The Greene County Board of Supervisors unanimously approved Dec. 10 a new $5.9 million public safety project first presented to the board on Nov. 26.
“We actually began these discussions at the regional level in 2014 between Greene, Madison, Louisa, Fluvanna, Charlottesville and Albemarle,” said Melissa Meador, emergency services director for Greene. “Then we had an incident in April 2015 where we had a near line-of-duty death with one of our members from Stanardsville Volunteer Fire Department. I think it was probably during that time frame that the board kind of sat up and said, ‘I think we have a problem here’.”
In April 2015 Dusty Clay was trapped inside an engulfed building trying to make a mayday call and having no luck—all within site of the Stanardsville radio tower near the courthouse.
“It’s frustrating sometimes that it takes something like that to really grab the attention of people,” she said. “If it had been someone less experienced in firefighting there is no doubt in my mind we would have had a line-of-duty death that day. He suffered burns, his gear melted, his helmet melted, his radio melted.”
Meador said the new radio system has been in the county’s capital improvement plan since at least 2009 when she came to Greene County.
“This was obviously a huge important project that got approved,” Meador said. “I think is going to enhance our entire Emergency Response System, from top to bottom. Anything that benefits our public safety personnel in turn is going to benefit our community.”
In fiscal year 2018, the county hired Black & Veatch to begin a needs assessment for the county, beginning in August 2017, she said. In August 2018 the second phase of the project began with board approval to create the technical document for the 2,500 individual requirements for the project.
In September 2019, Motorola returned a nearly 1,300-page proposal for a shared system with Madison and Greene counties that provides for 95% coverage throughout the county with both radios and with mobiles, including into Shenandoah National Park in Greene County because of the entrance on U.S. Route 33 in Greene.
With the current system, dispatchers have had to ask people to leave a building or go to their car radios so they can understand what the first-responder is saying, which can create an unsafe scene if the responder’s attention is taken away.
Monroe Supervisor David Cox asked Motorola at the Nov. 26 meeting what financing options were available. Meador told the board Dec. 10 she recommends the two-year first payment deferral which has an interest rate of 3.34% over 15 years.
“In theory, with this two-year deferral, our first payment may not even be due until after the system is online. This is, in my opinion, advantageous for us because it provides us an opportunity to explore grants, explore multiple grants and have conversations with tower companies that may be interested in building our towers for us,” Meador said. “And if we are successful in these endeavors like we’re hoping, we can also restructure our financing with Motorola prior to that first payment even being due.”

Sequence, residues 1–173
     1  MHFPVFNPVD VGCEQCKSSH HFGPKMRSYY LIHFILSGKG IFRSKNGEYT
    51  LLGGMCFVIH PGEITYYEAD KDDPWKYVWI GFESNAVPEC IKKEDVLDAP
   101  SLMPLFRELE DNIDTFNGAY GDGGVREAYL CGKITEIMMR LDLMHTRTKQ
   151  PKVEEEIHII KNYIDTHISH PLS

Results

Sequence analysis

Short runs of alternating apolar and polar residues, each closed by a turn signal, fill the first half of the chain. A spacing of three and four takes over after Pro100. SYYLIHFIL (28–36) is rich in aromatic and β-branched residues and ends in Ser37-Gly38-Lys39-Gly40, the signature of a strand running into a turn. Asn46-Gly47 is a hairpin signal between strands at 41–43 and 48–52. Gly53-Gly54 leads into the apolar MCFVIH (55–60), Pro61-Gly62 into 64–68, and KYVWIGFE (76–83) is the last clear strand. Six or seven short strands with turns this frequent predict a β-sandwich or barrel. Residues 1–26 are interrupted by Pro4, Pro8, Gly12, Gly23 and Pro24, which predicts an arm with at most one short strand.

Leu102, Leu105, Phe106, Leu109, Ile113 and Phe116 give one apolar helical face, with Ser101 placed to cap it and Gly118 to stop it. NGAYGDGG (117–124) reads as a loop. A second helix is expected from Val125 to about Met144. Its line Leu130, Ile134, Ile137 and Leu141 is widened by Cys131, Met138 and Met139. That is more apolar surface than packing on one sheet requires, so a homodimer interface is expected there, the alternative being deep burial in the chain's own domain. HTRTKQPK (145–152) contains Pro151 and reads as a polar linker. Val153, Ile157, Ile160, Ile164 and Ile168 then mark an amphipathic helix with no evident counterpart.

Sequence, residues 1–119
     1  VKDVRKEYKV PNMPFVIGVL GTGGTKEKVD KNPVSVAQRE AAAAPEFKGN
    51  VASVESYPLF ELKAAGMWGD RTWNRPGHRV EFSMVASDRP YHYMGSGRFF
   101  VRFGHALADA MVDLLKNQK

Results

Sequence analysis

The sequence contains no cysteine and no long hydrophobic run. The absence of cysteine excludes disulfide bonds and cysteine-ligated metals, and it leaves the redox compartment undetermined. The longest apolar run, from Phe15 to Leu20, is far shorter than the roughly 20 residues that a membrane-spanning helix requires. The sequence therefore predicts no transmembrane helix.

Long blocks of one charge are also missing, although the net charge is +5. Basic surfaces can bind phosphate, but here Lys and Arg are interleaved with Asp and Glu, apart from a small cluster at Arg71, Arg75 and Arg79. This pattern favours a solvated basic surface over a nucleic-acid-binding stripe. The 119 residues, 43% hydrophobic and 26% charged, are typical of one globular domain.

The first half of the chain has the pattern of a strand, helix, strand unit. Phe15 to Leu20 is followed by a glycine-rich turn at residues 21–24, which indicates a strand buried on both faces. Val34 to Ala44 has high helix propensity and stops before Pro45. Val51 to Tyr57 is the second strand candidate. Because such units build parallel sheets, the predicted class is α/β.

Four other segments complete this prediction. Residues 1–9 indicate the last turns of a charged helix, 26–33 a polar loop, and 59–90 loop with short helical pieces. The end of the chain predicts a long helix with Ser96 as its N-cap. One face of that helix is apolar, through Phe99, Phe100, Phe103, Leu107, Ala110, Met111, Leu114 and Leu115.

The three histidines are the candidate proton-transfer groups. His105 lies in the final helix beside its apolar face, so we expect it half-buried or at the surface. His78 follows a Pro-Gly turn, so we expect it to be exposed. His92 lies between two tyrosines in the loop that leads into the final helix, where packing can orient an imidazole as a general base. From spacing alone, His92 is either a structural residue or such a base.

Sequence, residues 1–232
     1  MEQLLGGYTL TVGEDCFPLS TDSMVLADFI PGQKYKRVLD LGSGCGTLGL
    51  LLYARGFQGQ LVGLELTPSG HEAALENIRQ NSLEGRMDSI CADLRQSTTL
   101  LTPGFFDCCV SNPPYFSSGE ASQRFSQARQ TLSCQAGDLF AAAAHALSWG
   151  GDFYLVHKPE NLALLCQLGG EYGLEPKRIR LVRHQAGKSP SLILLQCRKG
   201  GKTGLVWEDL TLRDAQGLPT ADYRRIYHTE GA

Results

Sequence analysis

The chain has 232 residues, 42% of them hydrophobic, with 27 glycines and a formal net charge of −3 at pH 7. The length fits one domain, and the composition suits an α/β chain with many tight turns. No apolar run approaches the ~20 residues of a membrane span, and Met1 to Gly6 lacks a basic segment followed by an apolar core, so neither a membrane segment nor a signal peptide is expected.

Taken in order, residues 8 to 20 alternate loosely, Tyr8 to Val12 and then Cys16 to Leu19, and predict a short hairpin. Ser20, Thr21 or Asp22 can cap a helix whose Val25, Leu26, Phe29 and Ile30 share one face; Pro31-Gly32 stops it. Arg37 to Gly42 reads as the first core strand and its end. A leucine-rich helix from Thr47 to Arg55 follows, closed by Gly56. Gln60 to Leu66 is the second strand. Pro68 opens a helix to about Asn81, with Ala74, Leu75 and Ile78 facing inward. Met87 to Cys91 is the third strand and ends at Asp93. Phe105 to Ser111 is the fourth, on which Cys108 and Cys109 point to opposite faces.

Madison County was expected to approve the system at its Dec. 18 meeting, after press time.
“I know it’s expensive. I know it’s an expensive endeavor,” Meador said. “But, we really have not had any major infrastructure upgrades since they put the system in in the 1980s. If we (keep up) with the maintenance schedule, Greene should never be in this position again where they’re looking at an $8-10 million radio system project.”
The design of the system is based on the Association of Public Safety Communications Officials standard called Product 25, which allows for communications with other systems, and will contain five tower sites. Even though the system is designed as a regional system with Madison County, the hub—or the brain—will be located in Greene.
“The system roams, meaning it just bounces off of whichever tower’s closest,” she said. “And our deputies and our fire personnel don’t actually have to physically turn knobs to get to the closest tower that they may be at at that particular moment in time. The system is going to do that automatically.”
The system also has no single point of failure, said Jeremy Thomas with Motorola.
Meador said she feels the county did its due diligence in getting this project under way.
“We recognize the cost, believe me. But my counterpart in Madison and I are really going to try to hit grants hard and we’re working with tower companies and cell phone providers to try to offset some of this at the local level,” she said.
Cox motioned to approve the purchase of the system and Midway Supervisor Marie Durrer seconded.
“We need this. We’ve been waiting a long time for it. We’ve done our work and our due diligence. Now let’s make it happen,” said Chair Bill Martin, Stanardsville.
Meador said the volunteers at the fire department and other first-responders are grateful the need is being met, and she hopes it spurs interest in more volunteers for the fire and rescue departments.
“I hate to sound cliché, but it means the world to them, it really means their lives with what they’re doing,” Meador said. “The radio system and their equipment are truly their lifelines. And having a board that is supportive, I just can’t stress how important that is to them. It shows them the board cares and the board values them and their service.”
All three fire departments in Greene County are still 100% volunteer run and all three are looking for volunteers.
“If you don’t want to run the trucks, we can still find a job for you, whether it’s auxiliary or paperwork or something. Just reach out,” Meador said. “And we’re looking everywhere for potential grants, if anyone has any insights on grant programs you think might fit the radio system or other emergency services equipment.”